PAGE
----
His main takeaway: the customer is your ultimate backer. “Do right by them and they will repay you in many ways you can’t imagine.”

Thinking, Growing Rich

In early 2000, Larry seemed to already have it all: a lovely stay-at-home wife, five children, at least P80,000 in monthly wages, and several investments including stocks. But at age 33, he discovered the world of business books and awakened a sense of ambition that had been there all along.

“People said I was too ambitious,” he said. “And they mock and dislike that attitude. When you’re from the province, you can’t aim for too much.”

Efficient and loyal as he was to the boss he served for years and even helped establish another high-end establishment in Baguio City, he prepared for his “bigger life mission” ahead by reading materials from self-made billionaires for years; educated himself on the matter of wines, steak, and all things food; and scoured his contact list for willing investors to the restaurant concepts he had been developing for years.

His vision finally took shape when a foreign investor, a former regular customer, shelled out a handsome P12 million for their first venture, a steakhouse in Taguig City. He acted as industrial partner along with chef and long-time friend Mauro Arjona, Jr., who remains a steadfast partner in all his business ventures today.

Parting ways with his first angel investor, building the next restaurant in Malate in 2007, and learning from failed attempts and mishaps along the way all led to the birth of Uncle Cheffy in 2009. The brand, made available to franchisees in 2010, banks not just on quality and an expansive Italian-American-Filipino menu, but also price points that attract penny-pinching yet value-seeking families and professionals.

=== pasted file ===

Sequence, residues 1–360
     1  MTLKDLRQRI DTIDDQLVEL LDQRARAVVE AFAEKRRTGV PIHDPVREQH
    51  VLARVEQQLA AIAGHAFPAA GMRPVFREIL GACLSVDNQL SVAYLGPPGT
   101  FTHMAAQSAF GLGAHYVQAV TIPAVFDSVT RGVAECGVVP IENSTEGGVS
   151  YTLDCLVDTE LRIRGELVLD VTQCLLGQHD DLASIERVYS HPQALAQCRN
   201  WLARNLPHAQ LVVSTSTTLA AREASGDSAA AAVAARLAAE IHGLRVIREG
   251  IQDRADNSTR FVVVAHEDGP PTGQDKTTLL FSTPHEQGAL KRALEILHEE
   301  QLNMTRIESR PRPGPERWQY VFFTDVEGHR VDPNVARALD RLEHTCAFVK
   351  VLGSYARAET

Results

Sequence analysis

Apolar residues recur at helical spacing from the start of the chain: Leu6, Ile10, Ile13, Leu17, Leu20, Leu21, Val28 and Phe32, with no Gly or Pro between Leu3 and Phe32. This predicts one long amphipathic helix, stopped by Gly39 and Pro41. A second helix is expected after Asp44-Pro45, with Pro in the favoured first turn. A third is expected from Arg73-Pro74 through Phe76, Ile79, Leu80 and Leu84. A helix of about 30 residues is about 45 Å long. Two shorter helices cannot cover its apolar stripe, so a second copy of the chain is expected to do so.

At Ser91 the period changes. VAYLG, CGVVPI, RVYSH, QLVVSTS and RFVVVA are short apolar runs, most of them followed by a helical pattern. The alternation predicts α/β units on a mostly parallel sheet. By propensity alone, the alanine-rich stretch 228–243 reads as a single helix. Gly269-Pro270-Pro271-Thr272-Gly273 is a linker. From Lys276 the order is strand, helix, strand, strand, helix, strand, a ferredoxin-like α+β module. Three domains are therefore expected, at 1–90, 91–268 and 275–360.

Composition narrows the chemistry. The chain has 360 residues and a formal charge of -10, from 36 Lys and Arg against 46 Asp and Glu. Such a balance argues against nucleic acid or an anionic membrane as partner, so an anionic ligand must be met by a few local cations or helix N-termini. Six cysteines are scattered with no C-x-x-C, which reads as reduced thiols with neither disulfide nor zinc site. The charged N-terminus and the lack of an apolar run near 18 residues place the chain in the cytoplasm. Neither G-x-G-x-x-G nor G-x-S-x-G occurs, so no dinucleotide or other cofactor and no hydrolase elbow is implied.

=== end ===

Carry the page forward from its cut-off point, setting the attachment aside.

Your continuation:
Popular for its panizzas at friendly prices of P350 to P500 and delicious slow-cooked ribs, Uncle Cheffy operates from three locations in Taguig – Venice Piazza in McKinley Hill, Forbestown Center in BGC, and Vista Mall Taguig -- in close proximity to BPO employees, mallgoers, and even groups from out of town who visit attractions like the gondola ride at Venice Grand Canal Mall. His other restaurants in the city include Kusê with branches at Crossroads Building in BGC and Venice Piazza in McKinley Hill, Herbs & Spices in Venice Piazza, and Market Basket-Modern Dampa in Vista Mall Taguig.

Is the restaurant boss intimidated by more international dining chains coming in the country? Hardly, because “wala namang dadating na Pinoy galing sa ibang bansa (No Filipino brand will come from outside the Philippines),” he would assert, confident of the local cuisine’s appeal and his target market’s tastes and preferences. In fact, Larry sees Uncle Cheffy conquering the international scene in the future.

He looked back at the time when he was still building his food empire, but was holding a security baton, table rags, and soiled dishes instead of textbooks, pen and paper, and business capital.

“Opportunity is always waiting out there for you. It’s up to you to grab it and claim it as yours.”